When purchasing a DVR Surveillance System for your home or business, the question comes to mind: "which CCTV Cameras would a professional Installer recommend for this application, and why?" This guide focuses on how to select cameras based on indoor/outdoor requirements, lighting, desired angle, and distance away from target. It also addresses the benefits—if any—of purchasing Sony over Sharp CCDs, size of the CCD, and TV Lines of Resolution.
Will the camera be used indoors or outdoors? Typically all outdoor cameras can also be used indoors, but not all indoor cameras can be used outdoors. Most cameras that are built with exterior metal casings are considered weatherproof. A camera that is classified as “weatherproof” is one that can withstand freezing temperatures, rain, and heat. The typical operating temperature of a weatherproof camera is 0° F to 120° F. Vandal-proof or tamper-proof cameras are also usually considered weatherproof. If the camera will be installed in an area where it is a potential target to be damaged, a Vandal-proof (tamper resistant) camera will offer extra security to help prevent secure the premises against would-be trouble-makers.
Infrared (or IR) Cameras typically have outer metal casings, and therefore most of them are considered weatherproof. Indoor cameras, when used in conjunction with an Outdoor Housing, can be used outdoors. Any type of camera with Infrared Illuminators cannot be used inside an Outdoor Housing because the IR LEDs will bounce off the housing’s glass window.
For more extreme temperatures, it is usually advised to use an indoor Box camera in conjunction with an Outdoor Housing with a Heater and Blower. These enclosures will prevent the camera’s internal mechanisms to freeze or to overheat.
Most plastic covered Dome Cameras are designed for indoor use only. On the other hand, the Dome Cameras that have metal casings can be used outdoors. Such casings are typically found in Vandal-proof and/or Infrared Dome Cameras.
It is quite common to use an indoor camera with an outdoor housing to achieve a wider angle or a more zoomed-in shot that outdoor cameras cannot achieve. For wide angle 100+° views consider a lens with a shorter focal length, such as 2.5mm. Varifocal Lenses offer the benefit of pre-setting the field of view (angle and zoom) that best fits that particular camera. For example, a 2.8~12mm Varifocal Lens will allow for a wider angle view when set at 2.8mm, or a more narrow, zoomed-in view at 12mm, or anything in between. At the lower focal length, one would be able probably half a dozen vehicles parked parallel to each other at 15 feet away. The makes and models of the cars would be visible, as well as the colors of each car. However, the image would not be clear enough to decipher the license plates on any of the cars. On the other hand, the higher focal length used on the same camera from the same location would be able to clearly make out the license plate on one of the cars, but this same car would occupy most of the field of view; the other cards would not even be in the picture. When the objective is to see a wide-angle perimeter view, the correct lens would be one with a smaller focal length. When specific information is needed (such as a license plate, exchange of cash, or facial features), choose a lens with a greater focal length. If you are unsure, consider a Varifocal Lens.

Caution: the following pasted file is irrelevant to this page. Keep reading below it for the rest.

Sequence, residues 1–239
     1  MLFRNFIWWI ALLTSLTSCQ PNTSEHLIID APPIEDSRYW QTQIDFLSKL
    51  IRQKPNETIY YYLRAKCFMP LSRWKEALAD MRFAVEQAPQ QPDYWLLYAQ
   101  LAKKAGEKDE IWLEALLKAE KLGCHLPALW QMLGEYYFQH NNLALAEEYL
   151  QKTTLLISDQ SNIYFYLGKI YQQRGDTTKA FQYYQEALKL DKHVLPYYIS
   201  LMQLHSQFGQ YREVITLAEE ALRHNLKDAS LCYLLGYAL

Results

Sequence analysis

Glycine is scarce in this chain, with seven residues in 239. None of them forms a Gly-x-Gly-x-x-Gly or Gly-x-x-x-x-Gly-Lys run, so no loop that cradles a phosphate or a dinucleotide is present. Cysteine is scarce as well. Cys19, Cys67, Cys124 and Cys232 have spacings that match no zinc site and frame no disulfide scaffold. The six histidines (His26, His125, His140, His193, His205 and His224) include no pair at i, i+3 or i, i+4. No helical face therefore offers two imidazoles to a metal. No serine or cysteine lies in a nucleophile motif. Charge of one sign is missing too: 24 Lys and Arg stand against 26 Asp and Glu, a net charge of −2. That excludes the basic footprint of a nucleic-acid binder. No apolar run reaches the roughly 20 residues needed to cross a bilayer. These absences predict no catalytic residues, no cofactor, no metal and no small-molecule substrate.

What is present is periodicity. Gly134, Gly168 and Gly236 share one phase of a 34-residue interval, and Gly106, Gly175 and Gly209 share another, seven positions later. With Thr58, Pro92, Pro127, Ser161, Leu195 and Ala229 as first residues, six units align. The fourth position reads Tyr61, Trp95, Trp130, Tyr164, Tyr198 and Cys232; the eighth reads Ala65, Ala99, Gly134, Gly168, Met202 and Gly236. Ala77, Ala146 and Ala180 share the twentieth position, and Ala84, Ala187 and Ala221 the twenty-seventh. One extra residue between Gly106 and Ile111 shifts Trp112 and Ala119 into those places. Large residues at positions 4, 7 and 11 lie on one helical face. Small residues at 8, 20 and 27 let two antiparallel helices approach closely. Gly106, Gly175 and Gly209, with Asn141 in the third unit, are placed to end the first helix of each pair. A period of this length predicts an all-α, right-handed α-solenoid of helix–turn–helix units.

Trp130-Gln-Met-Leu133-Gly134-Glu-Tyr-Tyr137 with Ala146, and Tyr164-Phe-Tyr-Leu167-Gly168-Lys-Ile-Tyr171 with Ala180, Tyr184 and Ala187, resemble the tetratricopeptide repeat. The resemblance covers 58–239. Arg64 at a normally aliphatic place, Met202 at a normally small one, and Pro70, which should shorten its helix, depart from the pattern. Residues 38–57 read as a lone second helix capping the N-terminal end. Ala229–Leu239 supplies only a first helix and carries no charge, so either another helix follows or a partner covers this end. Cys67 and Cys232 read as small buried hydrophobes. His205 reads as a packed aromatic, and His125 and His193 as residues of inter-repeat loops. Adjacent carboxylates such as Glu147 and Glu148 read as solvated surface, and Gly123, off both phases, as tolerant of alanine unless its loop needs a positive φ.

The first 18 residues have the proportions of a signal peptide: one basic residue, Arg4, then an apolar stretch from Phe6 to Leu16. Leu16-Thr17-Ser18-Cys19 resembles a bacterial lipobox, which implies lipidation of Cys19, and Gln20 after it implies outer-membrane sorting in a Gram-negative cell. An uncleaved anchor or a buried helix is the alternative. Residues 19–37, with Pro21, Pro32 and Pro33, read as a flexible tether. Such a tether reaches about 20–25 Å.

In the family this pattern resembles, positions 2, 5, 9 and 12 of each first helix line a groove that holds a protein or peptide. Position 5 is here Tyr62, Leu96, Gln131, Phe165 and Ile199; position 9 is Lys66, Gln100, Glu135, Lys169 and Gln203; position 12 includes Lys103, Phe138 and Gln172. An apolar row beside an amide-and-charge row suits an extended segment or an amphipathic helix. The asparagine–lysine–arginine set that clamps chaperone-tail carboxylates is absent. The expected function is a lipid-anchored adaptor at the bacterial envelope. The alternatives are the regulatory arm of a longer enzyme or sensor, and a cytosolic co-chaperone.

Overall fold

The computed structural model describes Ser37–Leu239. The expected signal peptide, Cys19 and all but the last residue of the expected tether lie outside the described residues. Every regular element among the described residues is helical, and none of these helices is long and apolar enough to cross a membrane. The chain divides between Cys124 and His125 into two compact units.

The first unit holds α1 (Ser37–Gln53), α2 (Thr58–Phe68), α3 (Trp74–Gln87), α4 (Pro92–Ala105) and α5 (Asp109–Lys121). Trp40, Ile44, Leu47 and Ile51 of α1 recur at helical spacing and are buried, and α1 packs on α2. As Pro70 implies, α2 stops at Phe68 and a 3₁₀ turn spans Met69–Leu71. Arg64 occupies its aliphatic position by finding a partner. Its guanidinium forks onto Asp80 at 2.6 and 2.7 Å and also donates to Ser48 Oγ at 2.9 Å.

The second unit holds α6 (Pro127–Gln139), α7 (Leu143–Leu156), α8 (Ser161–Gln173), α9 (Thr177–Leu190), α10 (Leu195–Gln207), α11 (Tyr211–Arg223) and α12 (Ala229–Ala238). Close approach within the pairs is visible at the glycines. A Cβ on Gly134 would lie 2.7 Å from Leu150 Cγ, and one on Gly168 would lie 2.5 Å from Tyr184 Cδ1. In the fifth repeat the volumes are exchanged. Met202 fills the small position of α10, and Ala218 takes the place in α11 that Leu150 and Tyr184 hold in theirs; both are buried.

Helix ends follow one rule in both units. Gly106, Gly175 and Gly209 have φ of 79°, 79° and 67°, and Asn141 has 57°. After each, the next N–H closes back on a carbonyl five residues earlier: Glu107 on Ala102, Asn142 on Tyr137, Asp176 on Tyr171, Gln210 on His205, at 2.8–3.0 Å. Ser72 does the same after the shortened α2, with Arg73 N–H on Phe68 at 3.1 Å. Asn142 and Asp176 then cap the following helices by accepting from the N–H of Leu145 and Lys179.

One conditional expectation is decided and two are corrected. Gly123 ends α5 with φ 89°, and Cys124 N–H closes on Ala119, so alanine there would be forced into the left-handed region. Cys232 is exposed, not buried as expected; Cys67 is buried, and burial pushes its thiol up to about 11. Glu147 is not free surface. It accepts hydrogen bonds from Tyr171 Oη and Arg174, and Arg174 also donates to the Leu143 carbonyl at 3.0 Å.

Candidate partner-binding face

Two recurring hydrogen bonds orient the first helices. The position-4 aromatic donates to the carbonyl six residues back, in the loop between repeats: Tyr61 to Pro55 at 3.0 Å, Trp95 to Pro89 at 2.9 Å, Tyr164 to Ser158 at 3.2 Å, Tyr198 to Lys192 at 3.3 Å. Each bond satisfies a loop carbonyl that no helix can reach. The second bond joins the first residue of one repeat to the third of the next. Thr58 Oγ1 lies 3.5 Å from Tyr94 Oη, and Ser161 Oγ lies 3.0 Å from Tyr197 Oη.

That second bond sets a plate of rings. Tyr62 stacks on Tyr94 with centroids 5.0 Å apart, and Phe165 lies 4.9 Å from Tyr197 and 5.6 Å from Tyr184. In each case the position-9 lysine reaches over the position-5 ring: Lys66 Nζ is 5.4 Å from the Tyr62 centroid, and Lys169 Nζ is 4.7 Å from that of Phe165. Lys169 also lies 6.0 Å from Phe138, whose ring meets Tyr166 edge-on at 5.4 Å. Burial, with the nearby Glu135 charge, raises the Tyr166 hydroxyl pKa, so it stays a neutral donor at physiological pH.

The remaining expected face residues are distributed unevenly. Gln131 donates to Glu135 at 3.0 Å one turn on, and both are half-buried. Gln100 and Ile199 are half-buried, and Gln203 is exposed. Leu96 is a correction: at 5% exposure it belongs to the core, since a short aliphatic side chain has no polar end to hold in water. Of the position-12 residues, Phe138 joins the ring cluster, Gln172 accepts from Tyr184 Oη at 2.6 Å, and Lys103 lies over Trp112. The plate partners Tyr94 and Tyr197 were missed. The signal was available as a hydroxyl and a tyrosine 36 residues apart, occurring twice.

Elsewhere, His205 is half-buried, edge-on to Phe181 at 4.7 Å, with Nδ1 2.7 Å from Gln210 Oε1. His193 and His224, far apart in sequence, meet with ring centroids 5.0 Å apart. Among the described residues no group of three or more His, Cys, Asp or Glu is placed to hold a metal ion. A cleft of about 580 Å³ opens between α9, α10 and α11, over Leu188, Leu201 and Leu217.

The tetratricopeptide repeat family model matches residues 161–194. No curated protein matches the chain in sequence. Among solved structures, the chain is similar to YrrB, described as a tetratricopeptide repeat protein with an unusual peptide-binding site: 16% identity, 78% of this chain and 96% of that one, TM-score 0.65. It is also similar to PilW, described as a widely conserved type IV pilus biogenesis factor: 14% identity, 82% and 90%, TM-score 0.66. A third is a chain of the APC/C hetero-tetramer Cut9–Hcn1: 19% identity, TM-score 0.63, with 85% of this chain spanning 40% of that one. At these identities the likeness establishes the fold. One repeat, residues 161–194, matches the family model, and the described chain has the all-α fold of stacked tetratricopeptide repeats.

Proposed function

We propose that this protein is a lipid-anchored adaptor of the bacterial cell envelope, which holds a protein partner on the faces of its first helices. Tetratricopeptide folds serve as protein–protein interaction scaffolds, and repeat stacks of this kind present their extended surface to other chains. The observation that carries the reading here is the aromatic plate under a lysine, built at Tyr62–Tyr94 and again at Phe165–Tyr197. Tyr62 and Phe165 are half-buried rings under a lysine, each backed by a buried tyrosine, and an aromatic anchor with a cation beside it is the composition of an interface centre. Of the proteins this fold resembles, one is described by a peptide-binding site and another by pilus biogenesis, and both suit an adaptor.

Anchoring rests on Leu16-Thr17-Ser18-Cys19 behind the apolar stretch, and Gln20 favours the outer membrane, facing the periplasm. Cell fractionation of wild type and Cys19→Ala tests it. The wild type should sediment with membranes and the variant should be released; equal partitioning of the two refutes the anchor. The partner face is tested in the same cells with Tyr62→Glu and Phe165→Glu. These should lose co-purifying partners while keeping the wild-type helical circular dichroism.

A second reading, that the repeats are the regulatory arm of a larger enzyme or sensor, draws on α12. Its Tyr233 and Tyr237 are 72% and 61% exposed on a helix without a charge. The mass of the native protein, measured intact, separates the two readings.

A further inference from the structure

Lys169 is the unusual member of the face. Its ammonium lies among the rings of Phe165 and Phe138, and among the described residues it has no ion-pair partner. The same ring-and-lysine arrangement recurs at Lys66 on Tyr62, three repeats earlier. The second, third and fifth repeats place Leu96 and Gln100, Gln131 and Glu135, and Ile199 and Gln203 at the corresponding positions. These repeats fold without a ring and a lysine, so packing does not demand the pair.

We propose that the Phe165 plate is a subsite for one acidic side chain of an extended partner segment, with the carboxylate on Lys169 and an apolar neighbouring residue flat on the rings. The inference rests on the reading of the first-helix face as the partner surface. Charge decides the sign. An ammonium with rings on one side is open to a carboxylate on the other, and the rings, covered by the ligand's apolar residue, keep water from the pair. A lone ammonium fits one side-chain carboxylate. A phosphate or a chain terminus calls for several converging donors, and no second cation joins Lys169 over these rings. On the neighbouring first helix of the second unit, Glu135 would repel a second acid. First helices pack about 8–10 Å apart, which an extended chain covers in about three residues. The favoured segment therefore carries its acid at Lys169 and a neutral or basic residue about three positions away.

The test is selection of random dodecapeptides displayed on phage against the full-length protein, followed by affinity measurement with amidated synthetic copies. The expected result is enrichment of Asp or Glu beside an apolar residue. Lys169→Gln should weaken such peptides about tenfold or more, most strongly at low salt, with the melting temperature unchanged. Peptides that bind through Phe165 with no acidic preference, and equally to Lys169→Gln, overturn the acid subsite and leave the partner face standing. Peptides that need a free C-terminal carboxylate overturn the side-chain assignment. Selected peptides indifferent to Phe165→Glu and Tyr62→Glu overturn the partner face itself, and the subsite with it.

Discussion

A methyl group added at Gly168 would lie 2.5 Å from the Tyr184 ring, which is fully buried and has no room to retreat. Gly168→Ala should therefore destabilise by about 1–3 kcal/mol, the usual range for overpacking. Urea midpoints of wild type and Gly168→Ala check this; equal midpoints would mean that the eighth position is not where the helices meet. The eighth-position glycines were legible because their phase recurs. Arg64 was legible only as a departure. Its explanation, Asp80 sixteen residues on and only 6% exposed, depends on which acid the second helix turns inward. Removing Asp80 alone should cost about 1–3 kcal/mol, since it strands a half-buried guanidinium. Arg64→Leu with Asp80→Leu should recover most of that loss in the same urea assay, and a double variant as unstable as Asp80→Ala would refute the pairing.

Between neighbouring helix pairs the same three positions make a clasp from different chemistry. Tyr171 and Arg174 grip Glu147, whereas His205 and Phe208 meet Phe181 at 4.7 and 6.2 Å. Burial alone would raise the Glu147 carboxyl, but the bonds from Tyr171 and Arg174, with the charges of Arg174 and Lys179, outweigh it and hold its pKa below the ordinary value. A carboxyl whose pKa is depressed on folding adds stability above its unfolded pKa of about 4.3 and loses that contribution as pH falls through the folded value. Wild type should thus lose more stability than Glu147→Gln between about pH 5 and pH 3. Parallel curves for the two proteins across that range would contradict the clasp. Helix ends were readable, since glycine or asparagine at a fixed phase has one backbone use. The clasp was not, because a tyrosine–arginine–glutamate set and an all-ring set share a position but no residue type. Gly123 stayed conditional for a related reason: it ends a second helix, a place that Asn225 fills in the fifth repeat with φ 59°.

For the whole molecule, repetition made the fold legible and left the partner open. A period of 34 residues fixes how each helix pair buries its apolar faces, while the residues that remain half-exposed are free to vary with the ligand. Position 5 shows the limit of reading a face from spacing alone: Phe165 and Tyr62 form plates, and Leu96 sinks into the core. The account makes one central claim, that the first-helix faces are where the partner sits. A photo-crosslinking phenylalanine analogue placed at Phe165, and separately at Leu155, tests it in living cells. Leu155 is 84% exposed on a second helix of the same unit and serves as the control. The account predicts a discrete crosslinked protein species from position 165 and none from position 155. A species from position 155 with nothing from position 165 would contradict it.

An advantage of our Varifocal Lenses is that they are all Auto-Iris, which comes in handy when the amount of light changes, e.g. outdoors, or when the camera is pointed toward the sun or any kind of fluorescent lighting. Auto-iris lenses automatically help to compensate for the amount of light that enters a camera, versus Manual Iris (which has to be adjusted manually), or Fixed Iris (which cannot be adjusted at all). Manual Iris lenses are suitable for cameras that can easily be reached and manually adjusted. Fixed Iris lenses are the most cost-efficient, and are suitable in situations where the light remains constant, e.g. perhaps in an office.